I guess everyone seems to be knowing the old results,

\[\Large\bullet \lim_{x\to 0}\frac{\sin x}{x}=1\] \[\Large\bullet \lim_{x\to 0}\frac{\tan x}{x}=1\] \[\Large\bullet \lim_{x\to 0}[\frac{\sin x}{x}]=0\] \[\Large\bullet \lim_{x\to 0}[\frac{\tan x}{x}]=1\] \((\textbf {[•] is greatest integer function})\)

Yeah you know them, great. One can easily get them straight from the inequality

\(\sin x<x<\tan x\) for \(0< x<\frac{π}{2}\)

Also it can even be realized by the graphs of \(\sin x\) & \(\tan x\) that as \(x\) comes closer to origin (or\( x\to 0\)), the graphs of these trigonometric functions \(\color{blue}{\textbf {coincide the line y=x}}\), thereby giving the first two results in our hand.

Furthermore it's seen that near the origin, the sin curve \(\color{blue}{\textbf { is slightly below the line y=x}}\) & tan curve \(\color{blue}{\textbf { is slightly above the line y=x}}\). Did you smell the proof of the last two of the old results?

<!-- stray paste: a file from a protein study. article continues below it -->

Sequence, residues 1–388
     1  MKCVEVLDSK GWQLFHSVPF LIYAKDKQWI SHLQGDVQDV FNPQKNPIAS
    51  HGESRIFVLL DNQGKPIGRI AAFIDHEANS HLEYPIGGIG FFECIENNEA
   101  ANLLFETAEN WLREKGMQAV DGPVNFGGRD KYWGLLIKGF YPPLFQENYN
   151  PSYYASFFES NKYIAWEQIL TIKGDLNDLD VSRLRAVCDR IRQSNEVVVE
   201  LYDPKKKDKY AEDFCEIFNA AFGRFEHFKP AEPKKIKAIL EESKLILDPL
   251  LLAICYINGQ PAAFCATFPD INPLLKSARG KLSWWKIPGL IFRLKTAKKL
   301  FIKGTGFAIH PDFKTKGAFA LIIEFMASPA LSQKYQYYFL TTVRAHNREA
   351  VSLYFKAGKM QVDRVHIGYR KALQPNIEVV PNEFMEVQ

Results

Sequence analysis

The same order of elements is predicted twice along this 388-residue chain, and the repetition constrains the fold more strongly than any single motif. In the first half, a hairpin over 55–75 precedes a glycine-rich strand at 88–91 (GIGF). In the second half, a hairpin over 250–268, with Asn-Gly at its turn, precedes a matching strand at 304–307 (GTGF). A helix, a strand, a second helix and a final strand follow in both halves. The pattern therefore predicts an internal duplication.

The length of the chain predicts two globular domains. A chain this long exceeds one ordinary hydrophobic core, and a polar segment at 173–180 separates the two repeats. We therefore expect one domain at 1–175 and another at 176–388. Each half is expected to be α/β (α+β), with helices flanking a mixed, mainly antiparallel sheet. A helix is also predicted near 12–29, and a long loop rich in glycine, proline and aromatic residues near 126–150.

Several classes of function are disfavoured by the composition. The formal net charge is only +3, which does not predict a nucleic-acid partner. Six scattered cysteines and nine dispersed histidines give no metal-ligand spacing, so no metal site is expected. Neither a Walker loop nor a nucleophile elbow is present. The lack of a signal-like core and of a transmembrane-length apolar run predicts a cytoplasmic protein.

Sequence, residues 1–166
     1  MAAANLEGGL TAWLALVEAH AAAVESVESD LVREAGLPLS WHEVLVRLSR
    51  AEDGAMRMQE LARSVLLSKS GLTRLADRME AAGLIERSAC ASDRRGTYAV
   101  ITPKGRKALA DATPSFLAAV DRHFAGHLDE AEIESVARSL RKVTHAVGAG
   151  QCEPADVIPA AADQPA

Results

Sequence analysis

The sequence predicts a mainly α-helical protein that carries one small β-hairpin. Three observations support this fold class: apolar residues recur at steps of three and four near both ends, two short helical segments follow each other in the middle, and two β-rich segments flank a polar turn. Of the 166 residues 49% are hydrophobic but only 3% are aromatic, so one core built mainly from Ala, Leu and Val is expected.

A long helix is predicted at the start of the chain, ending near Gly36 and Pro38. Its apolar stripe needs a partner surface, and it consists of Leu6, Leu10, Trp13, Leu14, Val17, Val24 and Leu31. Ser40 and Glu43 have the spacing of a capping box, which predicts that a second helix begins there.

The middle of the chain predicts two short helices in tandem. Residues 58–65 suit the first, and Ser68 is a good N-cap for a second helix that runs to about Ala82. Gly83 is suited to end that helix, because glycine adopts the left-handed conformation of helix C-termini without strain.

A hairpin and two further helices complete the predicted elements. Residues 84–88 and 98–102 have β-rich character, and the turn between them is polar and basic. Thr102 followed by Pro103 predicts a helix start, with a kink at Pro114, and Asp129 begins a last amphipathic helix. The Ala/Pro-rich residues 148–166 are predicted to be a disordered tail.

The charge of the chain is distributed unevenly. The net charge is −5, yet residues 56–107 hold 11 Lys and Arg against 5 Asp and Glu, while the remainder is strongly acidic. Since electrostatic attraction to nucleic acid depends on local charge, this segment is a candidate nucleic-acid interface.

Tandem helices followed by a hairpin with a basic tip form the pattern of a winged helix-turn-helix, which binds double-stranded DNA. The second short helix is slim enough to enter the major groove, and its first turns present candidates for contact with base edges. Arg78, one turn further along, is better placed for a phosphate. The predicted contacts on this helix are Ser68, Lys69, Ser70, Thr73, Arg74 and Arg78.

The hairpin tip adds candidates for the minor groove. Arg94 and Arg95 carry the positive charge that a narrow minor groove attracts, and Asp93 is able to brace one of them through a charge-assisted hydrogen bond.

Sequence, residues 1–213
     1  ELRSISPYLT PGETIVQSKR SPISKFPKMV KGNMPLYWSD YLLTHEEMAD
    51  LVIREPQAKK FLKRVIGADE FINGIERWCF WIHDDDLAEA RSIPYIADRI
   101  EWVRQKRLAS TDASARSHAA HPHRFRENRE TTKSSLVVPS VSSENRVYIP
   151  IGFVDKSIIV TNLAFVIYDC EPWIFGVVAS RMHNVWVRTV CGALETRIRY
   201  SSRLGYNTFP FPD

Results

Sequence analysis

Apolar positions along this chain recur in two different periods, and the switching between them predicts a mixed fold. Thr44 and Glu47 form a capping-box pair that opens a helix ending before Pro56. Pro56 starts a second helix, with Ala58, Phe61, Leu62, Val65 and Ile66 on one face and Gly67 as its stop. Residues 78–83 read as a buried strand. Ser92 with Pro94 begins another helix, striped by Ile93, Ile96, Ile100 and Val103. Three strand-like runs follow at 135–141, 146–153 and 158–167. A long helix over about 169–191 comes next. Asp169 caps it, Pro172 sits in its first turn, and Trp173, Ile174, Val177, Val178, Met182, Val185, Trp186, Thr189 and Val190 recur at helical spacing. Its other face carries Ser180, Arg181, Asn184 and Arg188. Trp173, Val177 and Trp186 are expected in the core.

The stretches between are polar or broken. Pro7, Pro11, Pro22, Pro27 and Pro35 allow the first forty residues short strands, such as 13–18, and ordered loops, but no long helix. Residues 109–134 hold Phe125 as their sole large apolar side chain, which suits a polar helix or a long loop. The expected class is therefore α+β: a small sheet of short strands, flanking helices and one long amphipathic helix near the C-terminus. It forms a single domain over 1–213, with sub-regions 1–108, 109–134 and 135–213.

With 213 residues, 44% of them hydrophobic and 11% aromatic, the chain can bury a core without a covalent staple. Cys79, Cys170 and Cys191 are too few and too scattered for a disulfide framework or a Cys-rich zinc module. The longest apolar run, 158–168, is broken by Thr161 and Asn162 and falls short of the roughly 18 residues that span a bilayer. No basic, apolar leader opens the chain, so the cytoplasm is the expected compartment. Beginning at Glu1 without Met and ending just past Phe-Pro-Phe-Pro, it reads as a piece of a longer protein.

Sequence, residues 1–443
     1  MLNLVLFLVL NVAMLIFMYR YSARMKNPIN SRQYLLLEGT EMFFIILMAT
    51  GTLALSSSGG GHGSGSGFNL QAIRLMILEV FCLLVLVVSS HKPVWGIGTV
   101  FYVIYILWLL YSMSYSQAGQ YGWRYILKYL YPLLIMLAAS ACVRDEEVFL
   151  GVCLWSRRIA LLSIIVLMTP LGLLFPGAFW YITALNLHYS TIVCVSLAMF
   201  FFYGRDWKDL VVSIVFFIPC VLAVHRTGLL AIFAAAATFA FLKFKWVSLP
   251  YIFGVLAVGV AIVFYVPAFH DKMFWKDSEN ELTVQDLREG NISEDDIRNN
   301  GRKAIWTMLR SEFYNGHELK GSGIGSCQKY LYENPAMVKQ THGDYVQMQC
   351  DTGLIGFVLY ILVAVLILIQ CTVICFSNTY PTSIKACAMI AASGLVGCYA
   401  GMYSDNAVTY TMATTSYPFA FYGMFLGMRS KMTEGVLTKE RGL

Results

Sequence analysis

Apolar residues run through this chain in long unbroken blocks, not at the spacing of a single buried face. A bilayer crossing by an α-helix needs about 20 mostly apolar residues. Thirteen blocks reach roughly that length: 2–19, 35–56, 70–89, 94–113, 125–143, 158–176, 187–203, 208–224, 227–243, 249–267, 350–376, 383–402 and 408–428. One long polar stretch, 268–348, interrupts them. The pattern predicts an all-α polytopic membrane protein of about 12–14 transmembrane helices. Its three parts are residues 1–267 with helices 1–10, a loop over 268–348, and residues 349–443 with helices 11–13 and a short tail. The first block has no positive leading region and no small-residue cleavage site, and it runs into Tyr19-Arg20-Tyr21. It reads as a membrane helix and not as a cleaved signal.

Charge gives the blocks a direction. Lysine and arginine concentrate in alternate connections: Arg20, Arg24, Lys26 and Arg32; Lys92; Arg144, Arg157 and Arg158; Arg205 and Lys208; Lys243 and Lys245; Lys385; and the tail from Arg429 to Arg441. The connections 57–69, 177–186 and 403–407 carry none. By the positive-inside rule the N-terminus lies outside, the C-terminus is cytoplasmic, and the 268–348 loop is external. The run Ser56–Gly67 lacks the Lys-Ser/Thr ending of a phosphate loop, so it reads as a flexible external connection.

Anyways, everything's real easy till we reach to the puzzle of ours.. \[\Large\text{What's the value of} \color{red} { \lim_{x\to 0}[\frac{\sin x•\tan x}{x^2}]}\] Can you submit the result decorated with the rigorous proof of yours??

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## Comments

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TopNewestSince this is a even function, it suffice to check

\[ \lim_{x \rightarrow 0^{+} } [ \frac{\sin(x)\tan(x)}{x^2} ] \]

Consider the function \[ f(x) = \sin(x)\tan(x)-x^2 \\ f'(x) = \sec(x)\tan(x) + \sin(x) - 2x \ge 2\tan(x)-2x \ge 0 \](BY AM-GM inequality. So this function is increasing. This means that, \( f(0^{+}) > f(0)= 0 \) So \[ \frac{\sin(x)\tan(x)}{x^2} \ge 1 \] . Also we see that \[ \lim_{x \rightarrow 0^{+} } \frac{\sin(x)\tan(x)}{x^2} = 1 \] . So combining these two gives, \[ \lim_{x \rightarrow 0} [ \frac{\sin(x)\tan(x)}{x^2} ] = 1 \]

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use expansion of sinx and tanx

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is it 1 ?

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Yes indeed.. But share the proof.

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